Rent Shop Volunteer Join

Q. Who is Mr. Smarty Plants?

A: There are those who suspect Wildflower Center volunteers are the culpable and capable culprits. Yet, others think staff members play some, albeit small, role. You can torture us with your plant questions, but we will never reveal the Green Guru's secret identity.

Help us grow by giving to the Plant Database Fund or by becoming a member

Did you know you can access the Native Plant Information Network with your web-enabled smartphone?

Share

Ask Mr. Smarty Plants

Ask Mr. Smarty Plants is a free service provided by the staff and volunteers at the Lady Bird Johnson Wildflower Center.

Search Smarty Plants
See a list of all Smarty Plants questions

Please forgive us, but Mr. Smarty Plants has been overwhelmed by a flood of mail and must take a break for awhile to catch up. We hope to be accepting new questions again soon. Thank you!

Need help with plant identification, visit the plant identification page.

 
rate this answer
Not Yet Rated

Friday - May 06, 2011

From: Springfield, VA
Region: Mid-Atlantic
Topic: Plant Identification
Title: Mystery plant in VA
Answered by: Anne Bossart

QUESTION:

We bought a new house with an established garden bed last fall. We have a tall single stemmed plant with long slightly twisted leaves that looks like a tall tulip plant. However, it is just starting to bloom with a cluster of brownish pink bell shaped flowers hanging at the tip of this 3 foot stem. Can you tell us what it may be?

ANSWER:

Unfortunately, we have no way of positively identifying a plant without a photograph (and sometimes that is kind of "iffy") but your description  made me wonder if it might not be a fritillaria.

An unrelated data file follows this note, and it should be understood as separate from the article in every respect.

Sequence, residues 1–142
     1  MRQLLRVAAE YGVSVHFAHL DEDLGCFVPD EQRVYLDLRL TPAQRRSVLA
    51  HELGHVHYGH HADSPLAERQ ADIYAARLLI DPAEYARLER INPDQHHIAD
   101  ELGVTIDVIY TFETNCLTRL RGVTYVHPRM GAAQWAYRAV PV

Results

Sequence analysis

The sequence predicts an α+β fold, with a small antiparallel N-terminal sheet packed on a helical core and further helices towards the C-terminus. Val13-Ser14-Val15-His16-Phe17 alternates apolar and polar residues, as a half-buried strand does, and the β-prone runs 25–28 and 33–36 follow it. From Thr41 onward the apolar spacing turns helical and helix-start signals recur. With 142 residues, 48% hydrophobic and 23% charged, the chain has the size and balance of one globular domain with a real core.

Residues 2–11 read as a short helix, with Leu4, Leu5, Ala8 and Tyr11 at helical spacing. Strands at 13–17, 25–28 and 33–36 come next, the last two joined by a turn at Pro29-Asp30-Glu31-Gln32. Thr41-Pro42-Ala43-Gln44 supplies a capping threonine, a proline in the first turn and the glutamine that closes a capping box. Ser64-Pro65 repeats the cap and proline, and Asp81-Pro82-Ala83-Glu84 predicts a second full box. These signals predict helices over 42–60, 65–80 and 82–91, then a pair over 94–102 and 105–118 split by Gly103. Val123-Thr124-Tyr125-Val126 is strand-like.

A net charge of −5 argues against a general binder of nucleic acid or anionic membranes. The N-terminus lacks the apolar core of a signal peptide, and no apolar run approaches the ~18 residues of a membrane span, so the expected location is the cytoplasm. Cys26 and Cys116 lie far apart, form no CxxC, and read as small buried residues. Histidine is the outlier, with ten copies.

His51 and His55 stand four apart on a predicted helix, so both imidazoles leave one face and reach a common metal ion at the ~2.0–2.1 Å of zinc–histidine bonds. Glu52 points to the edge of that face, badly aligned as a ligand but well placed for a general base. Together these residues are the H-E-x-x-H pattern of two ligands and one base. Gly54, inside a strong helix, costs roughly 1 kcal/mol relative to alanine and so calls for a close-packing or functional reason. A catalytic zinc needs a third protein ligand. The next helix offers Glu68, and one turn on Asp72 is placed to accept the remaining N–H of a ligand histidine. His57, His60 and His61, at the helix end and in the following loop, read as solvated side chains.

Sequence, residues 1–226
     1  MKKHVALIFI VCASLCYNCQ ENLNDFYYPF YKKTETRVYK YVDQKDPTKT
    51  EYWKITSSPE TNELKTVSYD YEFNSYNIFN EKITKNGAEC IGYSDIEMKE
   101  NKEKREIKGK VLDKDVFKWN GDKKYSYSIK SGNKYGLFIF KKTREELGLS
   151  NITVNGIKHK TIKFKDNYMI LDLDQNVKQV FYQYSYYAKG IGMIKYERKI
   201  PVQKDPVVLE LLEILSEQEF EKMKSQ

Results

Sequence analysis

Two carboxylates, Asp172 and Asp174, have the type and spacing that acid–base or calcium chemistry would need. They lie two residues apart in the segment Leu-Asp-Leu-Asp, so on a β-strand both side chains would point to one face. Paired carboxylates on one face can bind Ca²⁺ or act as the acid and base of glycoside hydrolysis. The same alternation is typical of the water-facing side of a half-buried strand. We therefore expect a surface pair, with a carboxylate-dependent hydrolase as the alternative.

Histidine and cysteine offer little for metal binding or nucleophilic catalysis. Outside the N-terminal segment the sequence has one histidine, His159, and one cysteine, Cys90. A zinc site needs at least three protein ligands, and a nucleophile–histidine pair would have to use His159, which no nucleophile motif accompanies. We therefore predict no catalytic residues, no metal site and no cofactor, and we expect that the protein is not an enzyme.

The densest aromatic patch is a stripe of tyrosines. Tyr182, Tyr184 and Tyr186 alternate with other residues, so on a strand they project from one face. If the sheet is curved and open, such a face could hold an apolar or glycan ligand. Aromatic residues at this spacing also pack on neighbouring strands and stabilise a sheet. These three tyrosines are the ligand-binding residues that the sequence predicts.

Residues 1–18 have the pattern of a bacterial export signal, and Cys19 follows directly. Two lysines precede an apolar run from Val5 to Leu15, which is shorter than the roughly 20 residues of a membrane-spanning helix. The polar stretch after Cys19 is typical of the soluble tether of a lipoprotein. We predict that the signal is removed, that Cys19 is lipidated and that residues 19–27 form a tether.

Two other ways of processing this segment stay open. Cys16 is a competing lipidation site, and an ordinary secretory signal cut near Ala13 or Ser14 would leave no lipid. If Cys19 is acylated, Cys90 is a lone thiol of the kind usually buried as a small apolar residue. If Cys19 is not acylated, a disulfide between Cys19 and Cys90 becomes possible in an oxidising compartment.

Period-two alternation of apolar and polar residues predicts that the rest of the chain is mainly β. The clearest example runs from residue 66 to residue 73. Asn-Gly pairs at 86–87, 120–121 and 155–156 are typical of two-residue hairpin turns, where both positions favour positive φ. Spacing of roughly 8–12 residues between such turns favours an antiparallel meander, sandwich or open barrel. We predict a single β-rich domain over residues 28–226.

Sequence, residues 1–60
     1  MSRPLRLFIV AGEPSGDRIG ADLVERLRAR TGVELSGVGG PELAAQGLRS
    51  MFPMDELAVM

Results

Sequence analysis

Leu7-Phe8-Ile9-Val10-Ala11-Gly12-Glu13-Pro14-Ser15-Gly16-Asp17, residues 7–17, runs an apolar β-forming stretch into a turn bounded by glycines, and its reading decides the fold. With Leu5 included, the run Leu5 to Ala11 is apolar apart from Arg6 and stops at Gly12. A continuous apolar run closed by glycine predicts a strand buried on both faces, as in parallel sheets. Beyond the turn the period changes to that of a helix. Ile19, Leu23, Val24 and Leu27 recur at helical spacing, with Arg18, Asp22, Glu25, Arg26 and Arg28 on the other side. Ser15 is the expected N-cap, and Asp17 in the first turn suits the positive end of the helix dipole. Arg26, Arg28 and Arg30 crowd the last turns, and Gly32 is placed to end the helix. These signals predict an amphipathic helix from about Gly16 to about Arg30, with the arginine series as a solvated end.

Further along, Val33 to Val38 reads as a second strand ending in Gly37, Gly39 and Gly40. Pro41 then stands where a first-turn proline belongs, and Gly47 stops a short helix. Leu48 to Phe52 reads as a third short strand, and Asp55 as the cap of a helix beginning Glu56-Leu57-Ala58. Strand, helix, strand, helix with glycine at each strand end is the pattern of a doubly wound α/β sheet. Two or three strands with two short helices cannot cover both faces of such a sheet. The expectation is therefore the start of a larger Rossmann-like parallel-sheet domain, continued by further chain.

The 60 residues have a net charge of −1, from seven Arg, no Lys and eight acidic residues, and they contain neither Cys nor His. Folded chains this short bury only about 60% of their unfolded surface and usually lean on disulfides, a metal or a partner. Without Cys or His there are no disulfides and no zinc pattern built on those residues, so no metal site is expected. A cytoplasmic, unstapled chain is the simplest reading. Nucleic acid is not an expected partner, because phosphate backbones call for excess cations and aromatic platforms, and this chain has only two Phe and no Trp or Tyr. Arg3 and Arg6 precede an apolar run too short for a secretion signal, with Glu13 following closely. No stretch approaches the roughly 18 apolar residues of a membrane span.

Although all the members of that group native to the US are native to the western states, it is a huge family and the bulbs from all over the world are planted widely.  Check out this Wikipedia entry to see if you find your plant. It might be a Crown Imperial.

Here are some photos of the fritillaria known as Checker lily or Mission bells.


Fritillaria affinis var. affinis


Fritillaria affinis var. affinis

 

 

More Plant Identification Questions

Identity of small "Pitcher" plants growing in backyard
July 25, 2013 - I have small pitcher plants growing in the grass in my backyard. Looks like very dark cobra. Come every summer when very hot. They are about 4 or 5 inches from base to tip of hood. I have a pic. le...
view the full question and answer

More information about Trillium in New Jersey
June 23, 2011 - Hi, Nan. FYI. The Trillium seeds in question came from the State of Alabama. If you have an interest in seeing photos of this Trillium and two others in my garden, which are different and which I be...
view the full question and answer

Plant ID of invasive vine from Austin
August 21, 2013 - A friend lives in southwest Austin and has a vine that's coming up all over her yard. I am a Williamson County Master Gardener and have asked all the garden gurus in my group what it is from a photo ...
view the full question and answer

Removing faded flowers from plants in Georgetown, DE
July 28, 2012 - I bought a chamase rose quartz that was in bloom. now the buds are dead, should i remove them or just leave them on the plant. they wont just fall off. and the tips of the plant has new growth.
view the full question and answer

Plant identification
December 17, 2009 - For a few weeks now the front of our school has had an on and off smell that to some was like a dead animal. To others it smelled like dirty fish fry oil. Maintenance people came out and found the sou...
view the full question and answer

Support the Wildflower Center by Donating Online or Becoming a Member today.